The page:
Breast Reconstruction: Why, How, and Whom
- Posted on: Nov 30 2019
A breast cancer diagnosis brings with it quite a few details to understand. A woman has much more to cope with than her specific diagnosis. To preserve health, it is necessary to decide quickly how she wishes to address your situation. Treatment itself is often quite physically and emotionally taxing. Then, if part of the treatment plan involves removing one or both breasts, there is the matter of future appearance. We are fortunate that there are excellent reconstructive options available today. What is important to the patient is understanding why she may want breast reconstruction, how that reconstruction may be done, and whom she will trust with her reconstructive journey.
The objective of breast reconstruction is to give a woman back the natural appearance of her bust line. This means that the breast mound may need to be rebuilt, with an eye for symmetry between the two breasts. The reason that women choose to go through this process of rebuilding is that it can give closure to what has come before while also renewing her connection with her body.
Breast reconstruction is ultimately about the patient. If you are considering reconstruction at this time, know that your surgeon will work closely with you and your oncologist to develop a strategy that is appropriate for your current status and your desired outcome. Factors that may influence the surgical process include:
- Your general body type and health
- The type and stage of cancer that had developed
- The inclusion of any further cancer therapies
Breast Reconstruction may involve breast implants or your own tissue.
More women are familiar with breast implants as a way to restore breast shape. Implants are available in saline and silicone models, with silicone often being preferred due to softness. Reconstruction with implants may involve two phases. First, it may be necessary to place expanders beneath the breast tissue to expand it. Expanders are gradually inflated to achieve this over six to eight weeks. After the expander has settled and surrounding tissue has accommodated its size, it can be removed and replaced with a breast implant.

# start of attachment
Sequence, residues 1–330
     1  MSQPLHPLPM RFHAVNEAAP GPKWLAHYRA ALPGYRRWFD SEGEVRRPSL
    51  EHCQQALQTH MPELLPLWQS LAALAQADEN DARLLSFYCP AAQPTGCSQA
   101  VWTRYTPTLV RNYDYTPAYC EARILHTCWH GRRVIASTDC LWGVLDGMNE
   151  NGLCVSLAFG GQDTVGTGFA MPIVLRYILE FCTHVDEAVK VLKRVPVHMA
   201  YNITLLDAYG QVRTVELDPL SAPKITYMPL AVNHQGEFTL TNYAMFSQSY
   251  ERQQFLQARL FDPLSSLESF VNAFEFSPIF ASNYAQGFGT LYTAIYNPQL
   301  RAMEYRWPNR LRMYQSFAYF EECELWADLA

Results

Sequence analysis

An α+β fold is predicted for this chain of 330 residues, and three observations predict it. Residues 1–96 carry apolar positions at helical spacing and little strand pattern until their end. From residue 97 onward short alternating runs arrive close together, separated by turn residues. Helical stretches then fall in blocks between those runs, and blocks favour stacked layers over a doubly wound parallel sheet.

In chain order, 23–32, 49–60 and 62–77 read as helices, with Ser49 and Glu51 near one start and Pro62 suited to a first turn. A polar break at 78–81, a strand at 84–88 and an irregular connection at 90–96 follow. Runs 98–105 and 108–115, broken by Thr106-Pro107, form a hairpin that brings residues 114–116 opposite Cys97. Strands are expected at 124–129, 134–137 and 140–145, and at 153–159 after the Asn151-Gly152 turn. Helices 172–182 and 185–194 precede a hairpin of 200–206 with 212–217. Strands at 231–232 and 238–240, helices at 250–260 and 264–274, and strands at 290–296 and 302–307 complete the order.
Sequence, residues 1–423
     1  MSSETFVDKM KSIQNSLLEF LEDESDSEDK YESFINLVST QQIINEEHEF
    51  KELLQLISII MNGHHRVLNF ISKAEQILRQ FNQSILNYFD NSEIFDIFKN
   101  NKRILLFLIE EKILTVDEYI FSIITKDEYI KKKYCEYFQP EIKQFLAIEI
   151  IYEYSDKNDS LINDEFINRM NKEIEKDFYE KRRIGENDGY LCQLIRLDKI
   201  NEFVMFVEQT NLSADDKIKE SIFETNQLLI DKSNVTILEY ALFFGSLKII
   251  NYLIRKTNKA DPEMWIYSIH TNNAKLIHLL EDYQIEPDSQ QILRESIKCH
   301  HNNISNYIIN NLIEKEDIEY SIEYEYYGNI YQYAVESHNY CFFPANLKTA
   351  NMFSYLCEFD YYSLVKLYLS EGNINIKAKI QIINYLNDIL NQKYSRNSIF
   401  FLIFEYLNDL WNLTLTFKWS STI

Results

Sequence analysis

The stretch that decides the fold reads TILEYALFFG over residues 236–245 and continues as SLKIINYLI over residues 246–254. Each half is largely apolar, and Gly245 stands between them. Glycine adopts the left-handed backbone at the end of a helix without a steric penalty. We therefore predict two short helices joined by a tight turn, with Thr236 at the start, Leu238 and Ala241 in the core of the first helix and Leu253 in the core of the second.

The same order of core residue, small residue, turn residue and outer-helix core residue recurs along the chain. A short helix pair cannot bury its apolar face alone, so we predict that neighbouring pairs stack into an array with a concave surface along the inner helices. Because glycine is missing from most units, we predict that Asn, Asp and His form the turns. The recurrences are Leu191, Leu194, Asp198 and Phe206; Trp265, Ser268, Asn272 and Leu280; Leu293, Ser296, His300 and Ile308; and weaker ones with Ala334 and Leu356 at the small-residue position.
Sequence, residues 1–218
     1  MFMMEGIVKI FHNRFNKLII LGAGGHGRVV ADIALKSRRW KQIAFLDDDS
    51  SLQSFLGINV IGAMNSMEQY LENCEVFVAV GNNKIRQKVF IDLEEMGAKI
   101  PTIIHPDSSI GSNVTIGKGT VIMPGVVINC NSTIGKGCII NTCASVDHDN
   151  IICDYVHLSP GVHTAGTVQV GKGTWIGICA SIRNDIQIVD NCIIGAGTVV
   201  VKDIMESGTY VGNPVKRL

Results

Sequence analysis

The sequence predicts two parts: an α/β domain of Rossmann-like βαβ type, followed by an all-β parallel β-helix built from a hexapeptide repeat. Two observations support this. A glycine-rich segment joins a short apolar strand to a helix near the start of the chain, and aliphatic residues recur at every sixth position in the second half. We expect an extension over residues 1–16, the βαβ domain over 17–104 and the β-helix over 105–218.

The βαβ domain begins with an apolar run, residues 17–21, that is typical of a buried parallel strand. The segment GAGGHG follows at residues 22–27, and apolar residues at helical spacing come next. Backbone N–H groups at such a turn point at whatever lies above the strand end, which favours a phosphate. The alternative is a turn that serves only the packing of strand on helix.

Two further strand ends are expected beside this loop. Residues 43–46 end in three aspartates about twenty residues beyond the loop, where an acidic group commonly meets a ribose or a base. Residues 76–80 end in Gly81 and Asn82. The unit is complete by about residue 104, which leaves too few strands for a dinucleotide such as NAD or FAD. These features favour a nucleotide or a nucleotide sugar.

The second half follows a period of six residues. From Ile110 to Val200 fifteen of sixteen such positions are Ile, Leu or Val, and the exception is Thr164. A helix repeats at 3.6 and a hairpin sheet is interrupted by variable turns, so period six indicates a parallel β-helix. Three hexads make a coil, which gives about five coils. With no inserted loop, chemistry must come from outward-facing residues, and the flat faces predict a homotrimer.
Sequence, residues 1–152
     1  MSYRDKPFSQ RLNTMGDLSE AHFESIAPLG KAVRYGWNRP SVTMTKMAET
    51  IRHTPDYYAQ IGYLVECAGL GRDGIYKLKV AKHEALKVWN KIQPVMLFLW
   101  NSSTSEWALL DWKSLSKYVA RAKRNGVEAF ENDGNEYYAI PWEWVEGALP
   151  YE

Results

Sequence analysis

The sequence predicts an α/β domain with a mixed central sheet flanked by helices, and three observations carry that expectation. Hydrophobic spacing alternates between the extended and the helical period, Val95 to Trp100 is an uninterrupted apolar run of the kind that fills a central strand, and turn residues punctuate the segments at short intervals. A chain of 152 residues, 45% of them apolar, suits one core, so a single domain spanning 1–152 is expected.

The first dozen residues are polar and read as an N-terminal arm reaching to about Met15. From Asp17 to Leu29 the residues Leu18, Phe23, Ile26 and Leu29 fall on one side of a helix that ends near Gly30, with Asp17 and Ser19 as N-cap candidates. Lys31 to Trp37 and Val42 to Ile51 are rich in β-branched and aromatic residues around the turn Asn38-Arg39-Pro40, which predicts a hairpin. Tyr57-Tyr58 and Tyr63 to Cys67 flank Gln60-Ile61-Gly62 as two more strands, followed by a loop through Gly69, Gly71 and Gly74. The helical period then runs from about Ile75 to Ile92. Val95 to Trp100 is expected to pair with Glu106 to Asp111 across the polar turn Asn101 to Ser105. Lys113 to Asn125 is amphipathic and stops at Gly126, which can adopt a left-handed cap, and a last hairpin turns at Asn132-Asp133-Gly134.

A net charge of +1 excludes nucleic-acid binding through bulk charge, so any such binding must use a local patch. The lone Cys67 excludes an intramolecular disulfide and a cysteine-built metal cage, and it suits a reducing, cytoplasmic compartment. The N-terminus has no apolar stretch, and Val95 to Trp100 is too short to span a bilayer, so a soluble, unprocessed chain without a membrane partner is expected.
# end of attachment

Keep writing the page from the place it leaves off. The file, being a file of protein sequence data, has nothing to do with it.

Tissue-based reconstruction, known as flap reconstruction, may be conducted using various techniques. This process may be slightly more complex, but some women prefer using only their own tissue to rebuild the breast mound. This feels the most natural because it is fat, muscle, and skin from her own body. Like implant reconstruction, flap surgery is planned after a thorough consultation and coordination between the oncology team and the surgical team.
Choosing Whom You Trust for Breast Reconstruction
The team at the Chicago Breast Center is at the forefront of breast surgery, including proven reconstructive techniques. Our services don’t just restore shape, the can restore quality of life. Learn more about your options for breast reconstruction. Schedule a consultation at (312) 266-6240.